196 BC2016-11-01T10:47:24+00:00

Insurrection in Iberia

A general insurrection breaks out in the Iberian Peninsula. The Roman forces in Nearer Spain (Hispania Citerior) are completely defeated. The Roman forces in Further Spain (Hispania Ulterior) are hard pressed by native forces (Lusitani and Celtiberi fighting as mercenaries for the Turdetani). While the praetor Quintus Minucius held his own, the senate sent reinforcements under the command of Marcus Porcius Cato (Cato the elder). He landed in Emporiae in 195 BC and found the whole of Hither Spain (Hispania Citerior) overrun by insurgents. Cato suppressed the rebellion and reestablished control over the province. As he prepared to depart for Rome, the Lusitani rose up again and Cato had to put the rebellion down. This time the consequences for the Lusitani were much more severe; with the instigators sold into slavery and the taking of a large amount of plunder—11,000 kilograms of sliver, 600 kg of gold, 123,000 denarii and 540,000 silver coins. The results of the war yielded the phrase coined by Cato: “bellum se ipsum alit” meaning; war nourishes itself.
Livius, T. The History of Rome, Books 9-to-26. Trans. D. Spillman. London. Henry G. Bohn, York Street, Covent Garden. 1853. John Childs and Son, Bungay. Project Gutenberg. Produced by Ted Garvin, Taavi Kalju and the Online Distributed Proofreading team at http://www.pgdp,net. November 6, 2006. EBook #19725. Page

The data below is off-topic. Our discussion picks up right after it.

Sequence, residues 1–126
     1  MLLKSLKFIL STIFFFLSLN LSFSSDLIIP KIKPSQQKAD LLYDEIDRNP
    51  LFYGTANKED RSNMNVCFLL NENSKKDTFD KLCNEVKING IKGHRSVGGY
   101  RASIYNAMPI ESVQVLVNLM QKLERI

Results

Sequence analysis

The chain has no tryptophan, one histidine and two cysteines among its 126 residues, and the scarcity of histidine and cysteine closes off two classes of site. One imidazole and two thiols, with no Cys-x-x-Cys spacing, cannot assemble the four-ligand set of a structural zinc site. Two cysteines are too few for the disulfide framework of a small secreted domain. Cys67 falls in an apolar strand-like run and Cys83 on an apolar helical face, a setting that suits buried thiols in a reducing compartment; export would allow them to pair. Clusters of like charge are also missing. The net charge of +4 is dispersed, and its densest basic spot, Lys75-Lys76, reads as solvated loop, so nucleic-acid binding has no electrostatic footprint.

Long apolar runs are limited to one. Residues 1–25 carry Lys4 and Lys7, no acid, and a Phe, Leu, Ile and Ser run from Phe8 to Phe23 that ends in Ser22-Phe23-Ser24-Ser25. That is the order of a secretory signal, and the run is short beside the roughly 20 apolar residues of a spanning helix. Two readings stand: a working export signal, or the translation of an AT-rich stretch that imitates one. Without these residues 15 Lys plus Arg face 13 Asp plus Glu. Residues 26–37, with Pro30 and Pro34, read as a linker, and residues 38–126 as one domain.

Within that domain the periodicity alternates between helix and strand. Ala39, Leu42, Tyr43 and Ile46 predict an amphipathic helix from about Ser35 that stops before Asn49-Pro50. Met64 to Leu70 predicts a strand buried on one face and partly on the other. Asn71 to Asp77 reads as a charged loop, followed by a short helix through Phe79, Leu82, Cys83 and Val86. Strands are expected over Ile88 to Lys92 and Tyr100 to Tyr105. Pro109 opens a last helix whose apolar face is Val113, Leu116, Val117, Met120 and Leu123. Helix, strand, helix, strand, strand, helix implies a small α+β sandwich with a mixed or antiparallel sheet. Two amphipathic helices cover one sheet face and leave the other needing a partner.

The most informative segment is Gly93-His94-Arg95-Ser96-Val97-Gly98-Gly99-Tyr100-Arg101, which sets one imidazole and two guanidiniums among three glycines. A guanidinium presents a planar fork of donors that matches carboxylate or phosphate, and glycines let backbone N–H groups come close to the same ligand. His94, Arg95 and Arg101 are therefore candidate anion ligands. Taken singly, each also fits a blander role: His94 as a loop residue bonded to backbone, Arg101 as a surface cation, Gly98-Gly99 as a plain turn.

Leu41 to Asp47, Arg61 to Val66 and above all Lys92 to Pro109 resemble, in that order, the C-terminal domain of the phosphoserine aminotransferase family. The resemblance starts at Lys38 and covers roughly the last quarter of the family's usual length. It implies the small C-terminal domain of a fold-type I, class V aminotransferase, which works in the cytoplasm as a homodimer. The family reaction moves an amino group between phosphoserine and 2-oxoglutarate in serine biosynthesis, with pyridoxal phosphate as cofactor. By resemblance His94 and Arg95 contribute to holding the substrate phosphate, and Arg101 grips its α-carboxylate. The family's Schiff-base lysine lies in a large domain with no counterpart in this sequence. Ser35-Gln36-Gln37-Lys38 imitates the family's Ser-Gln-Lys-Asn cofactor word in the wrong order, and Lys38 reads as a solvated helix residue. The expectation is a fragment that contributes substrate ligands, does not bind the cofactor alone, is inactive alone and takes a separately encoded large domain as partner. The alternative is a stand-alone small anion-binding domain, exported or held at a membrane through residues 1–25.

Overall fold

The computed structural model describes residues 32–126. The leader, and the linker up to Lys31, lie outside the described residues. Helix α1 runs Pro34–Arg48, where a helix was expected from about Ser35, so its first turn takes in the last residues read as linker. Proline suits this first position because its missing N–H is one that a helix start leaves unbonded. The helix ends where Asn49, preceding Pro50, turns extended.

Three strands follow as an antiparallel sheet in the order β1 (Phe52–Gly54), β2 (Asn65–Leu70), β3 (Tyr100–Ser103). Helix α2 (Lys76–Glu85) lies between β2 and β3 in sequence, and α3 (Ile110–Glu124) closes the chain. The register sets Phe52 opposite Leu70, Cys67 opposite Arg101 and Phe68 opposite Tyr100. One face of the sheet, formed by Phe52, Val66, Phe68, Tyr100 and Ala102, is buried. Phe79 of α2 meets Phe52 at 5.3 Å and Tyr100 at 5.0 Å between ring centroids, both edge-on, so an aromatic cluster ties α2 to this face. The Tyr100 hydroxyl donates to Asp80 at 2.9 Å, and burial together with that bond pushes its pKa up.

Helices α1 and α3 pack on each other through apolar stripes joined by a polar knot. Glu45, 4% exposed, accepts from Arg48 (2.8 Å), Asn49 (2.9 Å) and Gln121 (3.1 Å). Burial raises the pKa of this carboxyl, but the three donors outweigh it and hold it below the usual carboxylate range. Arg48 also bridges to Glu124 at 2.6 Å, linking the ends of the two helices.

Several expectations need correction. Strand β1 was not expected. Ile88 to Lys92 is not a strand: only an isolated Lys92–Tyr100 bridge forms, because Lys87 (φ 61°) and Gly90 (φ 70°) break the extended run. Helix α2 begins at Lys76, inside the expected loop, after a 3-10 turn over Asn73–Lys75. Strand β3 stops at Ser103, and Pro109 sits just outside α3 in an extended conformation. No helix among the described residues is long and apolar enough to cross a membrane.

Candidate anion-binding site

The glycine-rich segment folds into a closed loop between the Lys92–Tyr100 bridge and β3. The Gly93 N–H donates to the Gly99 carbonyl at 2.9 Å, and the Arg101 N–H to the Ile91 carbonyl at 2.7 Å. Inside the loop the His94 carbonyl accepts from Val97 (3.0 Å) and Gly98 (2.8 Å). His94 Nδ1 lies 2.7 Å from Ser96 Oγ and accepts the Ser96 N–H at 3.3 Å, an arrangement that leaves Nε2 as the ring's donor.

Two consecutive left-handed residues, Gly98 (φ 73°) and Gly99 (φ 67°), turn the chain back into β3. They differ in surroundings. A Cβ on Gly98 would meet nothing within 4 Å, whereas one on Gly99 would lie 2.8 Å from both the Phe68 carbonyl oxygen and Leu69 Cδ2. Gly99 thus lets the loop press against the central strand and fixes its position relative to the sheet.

Insurrection in Iberia

Marcus Porcius Cato; Cato the Elder (234-149 BC)

Referred to also as Cato Censorius (Cato the Censor), Cato Sapiens (Cato the Wise), Cato Priscus (Cato the Ancient), Cato Major. In fact, the name “Cato” implies experience and wisdom.

Cato came from an ancient plebeian Roman family noted for military service. He was born in Tusculum. He was noticed by Lucius Valerius Flaccus and brought to Rome, where he climbed the Cursus Honorum; military tribune, Quaestor, Aedile, Praetor, Consul and Censor. Like Cicero after him, Cato was known as a new man, a homo novus. That is, he was the first in his family to achieve political distinction and membership in the Senate. His policies were conservative. He opposed the cultural influence of Hellenism and fought to preserve the mos maiorum (ancestral custom). He was an outstanding orator. Cato was an implacable foe of Carthage, ending each of his speeches with the phrase Carthago delenda est (Carthage must be destroyed).



Cato began his career in the military during the First Punic War. He had made himself physically hard through work on his father’s property, sharing the same labor and food as the slaves and workers on the farm. He found a small cottage where Manius Curius Dentatus, the general who fought Pyrrhus to a draw at Malventum (Later renamed Beneventum) had lived after retirement. This man had been awarded 2 triumphs and 1 ovation for his victories in battle. The very old still remembered him and the simplicity of the way he lived. Cato was able to learn much about him and he imagined how this Manius Curius Dentatus had lived his life; emphasizing service to the state, selfless patriotism, simplicity in manner and, conversely, avoidance of ostentation.